By Donna Gates
Bloating, cramping, and gas. The dreaded symptoms of IBS. Do you ever wonder why some foods wreak havoc on your digestive system, while other foods pass through unnoticed?
As it turns out, many foods that we commonly enjoy are high-residue foods. This means that they leave a lot behind for bacteria to feed on. When bacteria feed and proliferate, this is what is known as fermentation.
When food ferments or rots in the gut, our inner ecosystem gets thrown out of balance.
FODMAPs – A Guide To IBS Trigger Foods
Some Foods Have The Tendency To Ferment Faster Than Others. These foods are called FODMAPs.
FODMAP is an acronym that stands for fermentable, oligo- di- mono-saccharides and polyols. These are sugars that we cannot digest, which end up feeding bacteria and fungal overgrowth in the gut.
Gastroenterologist Dr. Peter Gibson developed the FODMAP list of foods to treat patients with IBS (irritable bowel syndrome).
All FODMAP foods rapidly ferment somewhere along the gastrointestinal tract, specifically in the far end of the small intestine or in the large intestine.
Do you feel like you have to avoid certain foods to steer clear of unpleasant digestive problems like cramping, bloating, gas, and even headaches? Trigger foods, the FODMAPs, can wreak havoc on your digestive tract by causing fermentation to throw your inner ecosystem out of balance.
What does this rapid fermentation look like?
You may recognize some of these symptoms of IBS:
- Abdominal cramping
- Brain fog
When we eat FODMAP foods, there is a chance that small amounts are well tolerated. While each person has their own FODMAP threshold, the FODMAP trigger foods fall into five categories.
Remembering these five categories can be helpful when pinning down exactly which food is at the root of an imbalanced inner ecosystem. Avoiding or moderating these IBS trigger foods can help you to manage the symptoms of IBS.
The FODMAP List (IBS Trigger Foods)
Beans and lentils: Oligosaccharides are short strands of simple sugars. Common foods in this group are several varieties of beans and lentils.
Wheat, onions, and cabbage: Also an oligosaccharide, wheat contains a type of sugar called a fructan. Fructans are found in inulins and other common foods such as Jerusalem artichokes, cruciferous vegetables like cabbage and cauliflower, onions, scallions, garlic, and avocados.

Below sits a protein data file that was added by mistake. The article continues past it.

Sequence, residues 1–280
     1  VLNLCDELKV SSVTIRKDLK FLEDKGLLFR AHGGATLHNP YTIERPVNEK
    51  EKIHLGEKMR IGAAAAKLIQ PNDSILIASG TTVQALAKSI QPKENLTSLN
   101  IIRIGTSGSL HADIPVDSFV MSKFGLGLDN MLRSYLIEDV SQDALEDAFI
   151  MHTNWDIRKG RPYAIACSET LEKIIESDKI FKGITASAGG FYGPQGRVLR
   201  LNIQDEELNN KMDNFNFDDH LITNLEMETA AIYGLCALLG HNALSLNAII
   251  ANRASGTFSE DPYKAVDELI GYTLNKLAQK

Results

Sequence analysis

Dairy: Lactose is a milk sugar and a disaccharide. Cow, sheep, and goat milk all contain lactose.
Fruit, agave, and honey: Fructose is fruit sugar and a monosaccharide. Fruits high in fructose fall into this category, such as mango and watermelons. Some sweeteners contain fructose, such as high-fructose corn syrup, honey, and agave. Apples, peaches, celery, and pears are natural sources of polyols (sugar alcohols).
Xylitol: Polyols are sugar alcohols. Examples of sugar alcohols are xylitol, maltitol, and sorbitol. These sugar alcohols taste sweet but are not absorbed as sugar. They are commonly used in “diabetic candy,” sugar-free mints, toothpastes, and chewing gum.
Solutions! Tips To Make A Low-FODMAP Diet Work For You
If you find that you still have episodes of bloating, gas, and other signs of digestive discomfort, you may want to experiment with combining low-FODMAP rules with the principles of the Body Ecology Diet to help manage your symptoms of IBS.
Fructans: Onions contain fructans. If you like to cook with onion, experiment with low-FODMAP choices like chives or the green portion of scallions. You can also gently warm crushed cloves of garlic in coconut oil or ghee until the garlic flavor infuses into the oil. This method only works with oil — not water such as in a broth — because the fructans in garlic are water-soluble.
Lactose: If you avoid dairy and are concerned that you are missing out on key nutrients, ferment your favorite dairy with a Kefir Starter. If you decide to avoid dairy altogether, a high-quality fish oil is rich in vitamin D. Also, experiment with ghee, a type of clarified butter. While ghee boasts a number of nutrients, it contains very little common food irritants, such as milk sugar and milk proteins.
Fructose: Because we can only digest 20 to 25 grams of fructose in one sitting, it is essential to remember the Body Ecology food-combing principle and the principle of 80/20. If you eat more fructose than your small intestine can absorb, it will ferment, becoming food for bacteria.
Polyols: If you find that you have trouble with sugar alcohols like xylitol, try using Stevia or Lakanto, which contains erythritol. Erythritol is a four-carbon polyol and, unlike other polyols, it is well absorbed.
If you are on the Body Ecology Diet, chances are you have already eliminated several FODMAP foods. With the Principle of Uniqueness, it is important to track your FODMAP intake to ensure that you can identify and avoid trigger foods to protect your inner ecology!